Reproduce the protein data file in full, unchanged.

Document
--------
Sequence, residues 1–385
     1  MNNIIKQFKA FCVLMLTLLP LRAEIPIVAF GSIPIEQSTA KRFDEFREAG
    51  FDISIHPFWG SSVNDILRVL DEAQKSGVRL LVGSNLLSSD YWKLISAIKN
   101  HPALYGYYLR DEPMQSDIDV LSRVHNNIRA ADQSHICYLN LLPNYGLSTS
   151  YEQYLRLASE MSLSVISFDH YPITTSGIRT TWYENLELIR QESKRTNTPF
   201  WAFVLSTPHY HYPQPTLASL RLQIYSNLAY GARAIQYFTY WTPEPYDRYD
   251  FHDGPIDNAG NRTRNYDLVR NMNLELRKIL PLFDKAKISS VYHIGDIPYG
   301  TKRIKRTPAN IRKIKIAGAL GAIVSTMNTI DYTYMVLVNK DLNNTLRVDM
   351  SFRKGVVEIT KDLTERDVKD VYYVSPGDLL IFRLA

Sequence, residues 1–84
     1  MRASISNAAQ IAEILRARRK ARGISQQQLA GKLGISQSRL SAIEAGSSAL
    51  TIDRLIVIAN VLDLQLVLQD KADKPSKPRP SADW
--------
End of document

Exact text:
Sequence, residues 1–385
     1  MNNIIKQFKA FCVLMLTLLP LRAEIPIVAF GSIPIEQSTA KRFDEFREAG
    51  FDISIHPFWG SSVNDILRVL DEAQKSGVRL LVGSNLLSSD YWKLISAIKN
   101  HPALYGYYLR DEPMQSDIDV LSRVHNNIRA ADQSHICYLN LLPNYGLSTS
   151  YEQYLRLASE MSLSVISFDH YPITTSGIRT TWYENLELIR QESKRTNTPF
   201  WAFVLSTPHY HYPQPTLASL RLQIYSNLAY GARAIQYFTY WTPEPYDRYD
   251  FHDGPIDNAG NRTRNYDLVR NMNLELRKIL PLFDKAKISS VYHIGDIPYG
   301  TKRIKRTPAN IRKIKIAGAL GAIVSTMNTI DYTYMVLVNK DLNNTLRVDM
   351  SFRKGVVEIT KDLTERDVKD VYYVSPGDLL IFRLA

Sequence, residues 1–84
     1  MRASISNAAQ IAEILRARRK ARGISQQQLA GKLGISQSRL SAIEAGSSAL
    51  TIDRLIVIAN VLDLQLVLQD KADKPSKPRP SADW